The Daughters of Chaos Deleuze Studies International Conference 2015 will take place between the 29th of June and the 1st of July 2015,at Konstfack: University College of Arts and Crafts ( south of the city centre of Stockholm, Sweden. It brings together the institutional support of: Konstfack: University College of Arts, Crafts and Design; KTH (Royal Institute of Technology); Stockholm University; Södertörns Högskola; Stockholm University of the Arts. The conference has been generously funded by a Swedish Research Council FORMAS conference grant.

CONFIRMED KEYNOTE SPEAKERS: Gary Genosko; Lisa Mazzei; Simon O’Sullivan; Adrian Parr; Daniel W. Smith; Fredrika Spindler

– Gary Genosko, Small Wheels of Pedagogy: Skateboard Schizoanalysis

Throughout his career Guattari referred to the accomplishments of radical French teacher Célestin Freinet, whose work he discovered though his youthful outings with Fernand Oury, the brother of his longtime collaborator at La Borde, Jean Oury. The institutional pedagogy movement in France dovetailed with the institutional psychotherapy practiced at La Borde – paying critical attention to how institutions generate subjectivities – although the followers of Freinet and Oury were not often able to cooperate. Nevertheless, the mediations of subjectivation that Guattari would later refer to as the growing role of the machinic phylum were encountered in an original way with regard to the use of a printing press and other technologies by Freinet to build pedagogies around; in the same way the institution itself and its organizational diagram was foregrounded in la grille, the grid of rotating duties and personnel assignments at La Borde. Inspired by Freinet, Guattari adapted practices designed for schoolchildren in rural France in the 1920 and 30s (see L’imprimerie à l’école, to the psychiatric clinic, developing the process over his career there from the mid-50s to the early 90s. In this paper I want to report on my fieldwork in a downtown Toronto alternative school that is built around the mediating technology of skateboards. I don’t mean simply riding skateboards; I mean delivery of state-mandated curriculum from the ground up in construction, design, and marketing in the context of an immersion in youth street culture. Using Guattarian concepts, I want to provide in a preliminary way a contemporary schizoanalysis of the mediations, institutional constraints, transversal extra-academic challenges and successes, as well as the prospects for its students and teachers, of this small, one room, alt-high school. Skateboards are not only concrete machines, but abstract machines, too. What, then, would a skateboard schizoanalysis look like?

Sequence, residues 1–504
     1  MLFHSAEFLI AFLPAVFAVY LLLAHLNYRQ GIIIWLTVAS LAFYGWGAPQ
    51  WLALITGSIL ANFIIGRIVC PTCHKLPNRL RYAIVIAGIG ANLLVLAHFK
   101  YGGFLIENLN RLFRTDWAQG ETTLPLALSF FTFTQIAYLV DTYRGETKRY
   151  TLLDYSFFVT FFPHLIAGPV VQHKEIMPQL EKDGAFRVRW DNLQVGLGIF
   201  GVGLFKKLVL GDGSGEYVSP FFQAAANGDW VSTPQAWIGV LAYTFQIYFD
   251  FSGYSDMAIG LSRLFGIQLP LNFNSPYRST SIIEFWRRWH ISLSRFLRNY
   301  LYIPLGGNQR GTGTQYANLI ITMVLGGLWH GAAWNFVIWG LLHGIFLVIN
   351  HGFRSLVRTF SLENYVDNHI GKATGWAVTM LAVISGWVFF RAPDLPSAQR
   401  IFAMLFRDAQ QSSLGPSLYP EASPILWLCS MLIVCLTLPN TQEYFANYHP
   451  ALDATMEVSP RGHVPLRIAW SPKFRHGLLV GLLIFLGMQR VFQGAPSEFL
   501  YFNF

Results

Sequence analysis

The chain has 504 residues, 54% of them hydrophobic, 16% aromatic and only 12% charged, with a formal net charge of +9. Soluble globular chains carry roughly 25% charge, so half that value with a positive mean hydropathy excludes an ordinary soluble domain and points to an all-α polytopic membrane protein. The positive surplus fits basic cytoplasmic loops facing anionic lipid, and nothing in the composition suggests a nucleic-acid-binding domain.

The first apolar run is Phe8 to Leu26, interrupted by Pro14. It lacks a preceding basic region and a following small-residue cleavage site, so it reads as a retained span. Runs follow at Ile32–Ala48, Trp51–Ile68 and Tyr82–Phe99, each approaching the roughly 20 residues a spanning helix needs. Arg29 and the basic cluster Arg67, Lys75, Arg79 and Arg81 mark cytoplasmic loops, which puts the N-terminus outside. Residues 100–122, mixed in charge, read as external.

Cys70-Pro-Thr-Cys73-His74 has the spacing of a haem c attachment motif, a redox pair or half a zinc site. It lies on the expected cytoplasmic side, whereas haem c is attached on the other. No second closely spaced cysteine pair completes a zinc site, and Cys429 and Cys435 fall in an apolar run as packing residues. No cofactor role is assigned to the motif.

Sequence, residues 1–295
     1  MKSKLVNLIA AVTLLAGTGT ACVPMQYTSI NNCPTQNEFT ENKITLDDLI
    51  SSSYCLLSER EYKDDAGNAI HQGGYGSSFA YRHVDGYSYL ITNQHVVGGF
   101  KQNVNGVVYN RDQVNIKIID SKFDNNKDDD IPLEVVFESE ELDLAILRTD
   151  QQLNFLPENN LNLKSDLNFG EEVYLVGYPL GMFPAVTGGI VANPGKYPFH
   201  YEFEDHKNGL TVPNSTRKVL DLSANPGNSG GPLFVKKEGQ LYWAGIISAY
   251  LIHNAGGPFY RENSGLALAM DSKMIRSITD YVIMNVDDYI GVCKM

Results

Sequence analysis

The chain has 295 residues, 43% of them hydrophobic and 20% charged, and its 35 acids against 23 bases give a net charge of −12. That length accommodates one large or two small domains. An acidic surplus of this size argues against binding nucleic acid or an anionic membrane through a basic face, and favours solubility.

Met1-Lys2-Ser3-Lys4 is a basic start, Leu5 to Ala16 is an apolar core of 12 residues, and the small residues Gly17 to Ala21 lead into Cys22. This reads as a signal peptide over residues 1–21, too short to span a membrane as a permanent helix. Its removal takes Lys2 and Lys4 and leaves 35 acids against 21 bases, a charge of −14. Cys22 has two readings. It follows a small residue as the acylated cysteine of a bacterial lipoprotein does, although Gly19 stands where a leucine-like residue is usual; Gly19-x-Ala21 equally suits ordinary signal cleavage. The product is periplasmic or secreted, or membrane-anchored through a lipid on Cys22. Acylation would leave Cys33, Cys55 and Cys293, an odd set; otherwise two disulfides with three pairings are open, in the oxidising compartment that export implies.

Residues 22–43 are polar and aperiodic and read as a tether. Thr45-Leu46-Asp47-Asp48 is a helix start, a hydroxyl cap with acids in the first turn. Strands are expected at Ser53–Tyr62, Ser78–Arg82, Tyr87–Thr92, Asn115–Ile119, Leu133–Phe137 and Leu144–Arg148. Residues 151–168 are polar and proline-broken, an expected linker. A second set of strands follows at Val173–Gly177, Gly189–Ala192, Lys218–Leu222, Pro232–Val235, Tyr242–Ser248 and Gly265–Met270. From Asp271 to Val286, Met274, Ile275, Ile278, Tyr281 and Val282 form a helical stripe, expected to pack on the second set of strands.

– Lisa Mazzei, Voice without a Subject

In this paper, I will consider the question of what forms of expression and inquiry are possible as I think with Deleuze and Guattari’s concept (1983), the Body without Organs (BWO), one they use to enact thinking without a subject. In so doing, I interrogate what it might mean to think voice in its many forms as not linked to an “I” that is the humanist subject. What does a rethinking of the “I” portend for a thinking of voice? Is there an “I” of the inquirer or artist or narrator that can be burdened with voice in the post-human or more than human? What kind of voice, what kind of human being can be thought once voice no longer has to be present, emanating from a unique, essentialist subject (“I”) conscious to itself? In other words, if there is no subject in the humanist sense, what form does writing or thinking or creating take in a post-human world?

– Simon O’Sullivan, Fictioning (after Deleuze) Against Control: Nothing is True, Everything is Permitted

Our ability to resist control, or our submission to it, has to be assessed at the level of our every move. We need both creativity and a people. (Deleuze, ‘Postscript on Control Societies’)

In the short polemical essay ‘Postscript on Control Societies’ we find a Gilles Deleuze more sober, and at times pessimistic, than the one of Capitalism and Schizophrenia. The joy and affirmative tone of the collaborations with Felix Guattari gives way to a polemic that, if not a lament, certainly has something of the Frankfurt School diagnostic about it, especially in its attention to the increasingly technologically determined nature of society (and of its subjects) and to how such advances, although at first an apparent positive move away from previous, harsher, regimes, have brought their own more insidious and complex issues and problems.